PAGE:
The periodic gating-on signals from range gating pulse generator 53 are supplied to second inputs of each of the amplifiers 52 associated with the 100 acoustic detectors 33 and render responsive such amplifiers to obtain amplification of the low level voltage signals developed in the acoustic detectors 33 in response to the detected ultrasonic echo signals. The outputs of the plurality of detector-amplifiers 52 are connected to the inputs of a like plurality of suitable memory elements 54 for providing temporary storage of the amplified electrical signals corresponding to the ultrasonic echo signals in the desired depth of field defined by range gating pulse generator 53. Thus, the periodic gating on of amplifiers 52 also causes the detected echo'signals from each of the detectors 33 to be correspondingly periodically stored in parallel in a corre sponding number of memory elements 54. The memory component can be electronic semiconductor memories, a videotape or a rotating magnetic disc as three typical examples. The purpose of the temporary signal storage in memory elements 54 is to provide a suitable time delay such that the parallel-addressed memory elements may be read out serially to thereby utilize a conventional cathode ray tube 10 or other suitable serial input visual display device on which to develop the visual display of the ultrasonic echo signals.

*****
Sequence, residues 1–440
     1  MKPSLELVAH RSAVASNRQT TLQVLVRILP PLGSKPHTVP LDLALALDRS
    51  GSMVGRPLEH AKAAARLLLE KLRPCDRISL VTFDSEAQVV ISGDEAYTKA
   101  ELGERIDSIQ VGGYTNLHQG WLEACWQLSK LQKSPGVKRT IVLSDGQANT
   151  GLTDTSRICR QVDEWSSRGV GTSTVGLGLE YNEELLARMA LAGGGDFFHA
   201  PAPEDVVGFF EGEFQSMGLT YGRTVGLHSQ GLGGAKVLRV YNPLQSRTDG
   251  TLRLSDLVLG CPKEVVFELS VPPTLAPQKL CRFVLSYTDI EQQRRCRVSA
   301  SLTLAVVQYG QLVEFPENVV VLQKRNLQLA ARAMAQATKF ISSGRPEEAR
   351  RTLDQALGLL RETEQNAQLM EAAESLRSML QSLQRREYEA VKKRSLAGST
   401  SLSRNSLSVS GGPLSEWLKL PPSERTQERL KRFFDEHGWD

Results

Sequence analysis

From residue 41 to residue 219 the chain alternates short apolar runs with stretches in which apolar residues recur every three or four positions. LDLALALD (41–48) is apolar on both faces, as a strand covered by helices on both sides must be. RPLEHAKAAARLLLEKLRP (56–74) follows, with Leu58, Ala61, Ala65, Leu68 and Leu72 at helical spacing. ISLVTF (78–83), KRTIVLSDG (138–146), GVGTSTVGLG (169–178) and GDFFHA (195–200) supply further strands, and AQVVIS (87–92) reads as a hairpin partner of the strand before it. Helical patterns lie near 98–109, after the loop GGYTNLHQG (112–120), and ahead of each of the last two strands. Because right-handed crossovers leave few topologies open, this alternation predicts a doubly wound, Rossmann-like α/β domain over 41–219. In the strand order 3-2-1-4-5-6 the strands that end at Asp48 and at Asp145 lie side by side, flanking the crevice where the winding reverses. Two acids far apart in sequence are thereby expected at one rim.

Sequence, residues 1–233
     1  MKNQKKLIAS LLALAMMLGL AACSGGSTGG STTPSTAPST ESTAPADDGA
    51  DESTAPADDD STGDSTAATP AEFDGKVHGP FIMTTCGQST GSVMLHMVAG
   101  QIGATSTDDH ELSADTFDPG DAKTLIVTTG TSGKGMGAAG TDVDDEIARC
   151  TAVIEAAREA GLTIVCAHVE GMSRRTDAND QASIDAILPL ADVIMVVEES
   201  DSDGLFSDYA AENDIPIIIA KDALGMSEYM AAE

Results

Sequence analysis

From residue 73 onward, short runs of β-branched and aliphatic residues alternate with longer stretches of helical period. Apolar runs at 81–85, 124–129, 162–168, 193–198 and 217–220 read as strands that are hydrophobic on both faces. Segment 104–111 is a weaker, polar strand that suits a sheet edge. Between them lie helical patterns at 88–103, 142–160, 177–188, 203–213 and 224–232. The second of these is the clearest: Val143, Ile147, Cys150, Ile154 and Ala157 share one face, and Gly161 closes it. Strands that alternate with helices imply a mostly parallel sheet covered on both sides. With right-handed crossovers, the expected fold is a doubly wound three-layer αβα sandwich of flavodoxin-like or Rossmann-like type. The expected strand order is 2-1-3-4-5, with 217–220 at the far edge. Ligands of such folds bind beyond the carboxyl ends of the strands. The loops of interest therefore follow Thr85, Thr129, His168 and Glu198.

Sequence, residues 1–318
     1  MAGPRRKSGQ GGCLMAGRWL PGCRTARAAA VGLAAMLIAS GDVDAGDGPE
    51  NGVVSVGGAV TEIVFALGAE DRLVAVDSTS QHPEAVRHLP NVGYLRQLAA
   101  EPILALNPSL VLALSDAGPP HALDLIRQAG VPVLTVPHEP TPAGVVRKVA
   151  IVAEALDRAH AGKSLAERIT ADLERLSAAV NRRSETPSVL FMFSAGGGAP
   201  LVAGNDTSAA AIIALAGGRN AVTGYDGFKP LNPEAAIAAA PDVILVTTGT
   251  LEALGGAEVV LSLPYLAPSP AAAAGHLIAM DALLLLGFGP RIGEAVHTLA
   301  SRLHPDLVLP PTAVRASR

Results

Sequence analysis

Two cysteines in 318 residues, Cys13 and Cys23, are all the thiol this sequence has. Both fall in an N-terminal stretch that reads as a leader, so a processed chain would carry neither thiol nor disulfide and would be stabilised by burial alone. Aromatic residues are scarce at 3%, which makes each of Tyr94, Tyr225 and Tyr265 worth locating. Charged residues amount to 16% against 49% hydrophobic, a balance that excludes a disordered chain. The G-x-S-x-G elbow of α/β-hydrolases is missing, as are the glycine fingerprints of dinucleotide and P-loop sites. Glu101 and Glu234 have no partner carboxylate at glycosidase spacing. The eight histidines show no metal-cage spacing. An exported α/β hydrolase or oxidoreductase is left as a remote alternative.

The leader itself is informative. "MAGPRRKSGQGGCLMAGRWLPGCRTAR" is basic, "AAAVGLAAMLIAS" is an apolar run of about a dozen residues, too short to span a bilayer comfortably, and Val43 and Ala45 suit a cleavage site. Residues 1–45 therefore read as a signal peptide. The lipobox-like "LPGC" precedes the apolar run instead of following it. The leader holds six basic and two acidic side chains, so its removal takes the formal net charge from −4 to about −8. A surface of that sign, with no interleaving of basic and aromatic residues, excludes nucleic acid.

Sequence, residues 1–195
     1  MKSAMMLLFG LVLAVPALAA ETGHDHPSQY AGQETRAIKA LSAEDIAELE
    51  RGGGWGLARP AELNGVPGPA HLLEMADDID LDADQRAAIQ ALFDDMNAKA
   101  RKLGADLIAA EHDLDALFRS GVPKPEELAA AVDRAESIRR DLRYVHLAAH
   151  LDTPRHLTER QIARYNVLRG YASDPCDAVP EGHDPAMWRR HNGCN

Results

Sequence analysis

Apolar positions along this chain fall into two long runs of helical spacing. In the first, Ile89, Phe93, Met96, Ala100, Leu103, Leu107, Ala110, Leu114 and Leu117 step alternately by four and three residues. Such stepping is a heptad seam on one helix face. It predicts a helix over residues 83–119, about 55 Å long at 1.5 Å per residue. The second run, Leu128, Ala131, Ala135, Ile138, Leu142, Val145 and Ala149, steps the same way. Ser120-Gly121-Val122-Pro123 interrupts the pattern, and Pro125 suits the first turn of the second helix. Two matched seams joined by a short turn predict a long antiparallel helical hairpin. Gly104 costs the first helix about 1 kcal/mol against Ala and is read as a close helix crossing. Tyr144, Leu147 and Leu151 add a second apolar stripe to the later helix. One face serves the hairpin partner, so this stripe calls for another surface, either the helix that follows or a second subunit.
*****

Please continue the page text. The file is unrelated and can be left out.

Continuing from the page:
The outputs of the above-mentioned memory elements 54 are equal in number to the plurality of acoustic detectors. The amount of interconnection wiring between amplifiers 52 and the visual display device 10 can be minimized by utilizing a multiplexing network at the outputs of amplifiers 52 to thereby obtain a single output which supplies the serial input to CRT 10. The multiplexing network includes a plurality of conventional electronic sample-and-hold circuits having inputs connected to the outputs of associated amplifiers 52 in a manner similar to memory elements 54. The sample-and-hold circuits provide sampling of the amplifier 52 outputs and temporary storage of such data for a known time interval. A shift register or other suitable sequential switching circuit sequentially scans the outputs of the sample-and-hold circuits and supplies such outputs serially along a single output line to CRT 10. The operation of the sequential switching circuit is initiated by the range gating pulse generator 53 in a similar manner to the initiation of sequential read-out 55, and also provides the sweep synchronization for CRT 10.

It will be assumed that the region of interest in the body of the patient 32 is a depth of field of 7.5 cm which requires that the memory elements accept and store the ultrasonic echo signals for a read-in period of 100 microseconds. Since this time of 100 microsec onds is 50 times the 2 microsecond ultrasonic pulse length, one obtains 50 resolution elements in the horizontal direction (range) on the CRT display. It will further be assumed that three bits per picture element are utilized for grey scale and therefore the total number of bits of signal storage required per detector per pulse is which is readily achieved by existing semiconductor memories at low cost.